Romeo and Juliet Act 1 Identifying Literary Devices

pun use of the word choler(meaning angry) and collar(a hangman’s noose) at the same time
allusion Romeo alludes to the mythological goddess Diana when he describes Rosaline’s intelligence. “She hath Dian’s wit….” (1.1.202)
oxymoron “O brawling love! O loving hate!… O heavy lightness! Serious vanity!” (1.1.169-171)
metaphor I will make thee think thy swan a crow” (1.2.87) Benvolio tells Romeo if he looks at other beautiful girls, Rosaline will seem ugly.
dramatic irony The Capulet servant invites the enemies of Capulet(Romeo and Benvolio) to Capulet’s party
metaphor “Read o’er the volume of young Paris’ face, And find delight writ there with beauty’s pen” (1.3.82-83). Lady Capulet tells her daughter Juliet to seriously consider marrying Paris, whom she compares to a book.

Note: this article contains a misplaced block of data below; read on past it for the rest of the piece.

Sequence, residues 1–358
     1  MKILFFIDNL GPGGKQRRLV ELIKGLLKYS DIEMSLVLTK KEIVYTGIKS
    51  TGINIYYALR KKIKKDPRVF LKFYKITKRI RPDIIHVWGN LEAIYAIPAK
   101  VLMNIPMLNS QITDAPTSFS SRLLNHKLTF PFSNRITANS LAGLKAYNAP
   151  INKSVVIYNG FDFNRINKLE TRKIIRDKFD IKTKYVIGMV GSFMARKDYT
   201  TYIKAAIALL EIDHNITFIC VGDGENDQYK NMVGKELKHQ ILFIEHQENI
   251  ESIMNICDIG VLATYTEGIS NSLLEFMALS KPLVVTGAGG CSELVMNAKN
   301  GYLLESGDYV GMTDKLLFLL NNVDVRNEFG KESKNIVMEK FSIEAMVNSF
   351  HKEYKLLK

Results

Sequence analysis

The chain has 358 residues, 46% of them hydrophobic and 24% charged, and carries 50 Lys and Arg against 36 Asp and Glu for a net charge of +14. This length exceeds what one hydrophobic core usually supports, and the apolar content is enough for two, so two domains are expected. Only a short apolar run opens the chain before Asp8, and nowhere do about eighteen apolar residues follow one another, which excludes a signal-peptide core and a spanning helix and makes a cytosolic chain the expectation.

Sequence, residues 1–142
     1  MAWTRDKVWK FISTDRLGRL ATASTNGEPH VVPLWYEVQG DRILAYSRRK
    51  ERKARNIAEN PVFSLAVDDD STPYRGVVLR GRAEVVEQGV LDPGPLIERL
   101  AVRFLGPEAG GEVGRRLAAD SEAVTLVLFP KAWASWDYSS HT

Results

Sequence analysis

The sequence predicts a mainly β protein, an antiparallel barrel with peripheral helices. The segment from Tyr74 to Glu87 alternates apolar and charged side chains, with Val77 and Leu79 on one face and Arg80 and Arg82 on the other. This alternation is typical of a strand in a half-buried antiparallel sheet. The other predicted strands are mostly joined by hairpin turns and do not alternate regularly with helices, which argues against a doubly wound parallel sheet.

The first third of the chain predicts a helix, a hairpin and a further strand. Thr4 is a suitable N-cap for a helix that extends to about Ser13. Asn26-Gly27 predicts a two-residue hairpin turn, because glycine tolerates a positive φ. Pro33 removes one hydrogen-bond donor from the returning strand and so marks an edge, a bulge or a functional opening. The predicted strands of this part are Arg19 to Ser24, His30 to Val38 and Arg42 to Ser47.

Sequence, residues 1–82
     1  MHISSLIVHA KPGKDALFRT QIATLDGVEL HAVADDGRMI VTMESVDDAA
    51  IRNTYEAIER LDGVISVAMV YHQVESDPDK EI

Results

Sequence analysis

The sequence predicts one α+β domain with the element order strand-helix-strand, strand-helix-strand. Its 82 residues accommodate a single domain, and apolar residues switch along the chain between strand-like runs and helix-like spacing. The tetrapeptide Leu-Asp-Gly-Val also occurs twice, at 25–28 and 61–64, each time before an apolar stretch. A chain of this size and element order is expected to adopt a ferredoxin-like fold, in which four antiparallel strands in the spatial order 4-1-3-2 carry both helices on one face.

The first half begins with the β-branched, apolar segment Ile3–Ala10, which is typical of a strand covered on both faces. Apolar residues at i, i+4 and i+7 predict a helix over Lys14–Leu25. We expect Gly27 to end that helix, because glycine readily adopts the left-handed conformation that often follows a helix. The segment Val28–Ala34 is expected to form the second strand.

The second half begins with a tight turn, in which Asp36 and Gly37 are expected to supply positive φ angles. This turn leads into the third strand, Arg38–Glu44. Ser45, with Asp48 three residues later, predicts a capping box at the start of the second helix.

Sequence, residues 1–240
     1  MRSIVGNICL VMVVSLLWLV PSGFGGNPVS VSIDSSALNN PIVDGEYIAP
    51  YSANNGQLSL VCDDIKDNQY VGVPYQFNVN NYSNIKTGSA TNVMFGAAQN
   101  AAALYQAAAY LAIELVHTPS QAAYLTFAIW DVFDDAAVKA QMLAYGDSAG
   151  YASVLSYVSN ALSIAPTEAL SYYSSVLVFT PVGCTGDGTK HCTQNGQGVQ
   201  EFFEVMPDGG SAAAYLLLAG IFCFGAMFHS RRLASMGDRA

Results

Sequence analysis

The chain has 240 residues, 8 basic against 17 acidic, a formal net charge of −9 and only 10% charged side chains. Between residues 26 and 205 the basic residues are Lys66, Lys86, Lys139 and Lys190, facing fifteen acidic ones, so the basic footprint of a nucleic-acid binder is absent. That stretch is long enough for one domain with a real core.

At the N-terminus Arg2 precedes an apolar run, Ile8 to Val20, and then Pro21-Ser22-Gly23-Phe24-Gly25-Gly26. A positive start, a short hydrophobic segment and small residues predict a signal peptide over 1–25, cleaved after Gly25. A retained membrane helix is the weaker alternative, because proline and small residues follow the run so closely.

extended metaphor a fanciful comparison developed at great length
oxymoron a figure of speech in which apparently contradictory terms appear in conjunction
pun a play on words
allusion an indirect reference to a well-known person, place, thing, or other literary work
personification giving human qualities to non-human things
oxymoron short, contradictory phrases; a figure of speech that combines contradictory terms
paradox statements that are seemingly contradictory but yet contain some truth
foreshadowing when the author hints about something that will happen
pun Soles/soul: “you have dancing shoes/with nimble soles; I have a soul of lead….” (1.4.15-16) Romeo explains to Mercutio that he is too sad to dance.
foreshadowing “I fear…some consequence, yet hanging in the stars/shall bitterlybegin his fearful date with this night’s revels….(ending in) ultimately death” (1.4.106-111) This is Romeo who thinks someone will die.
paradox “My only love, sprung from my only hate! Too early seen unknown, and known too late!” (1.5.136-137) Juliet discovers that she has fallen in love with a member of an enemy family.

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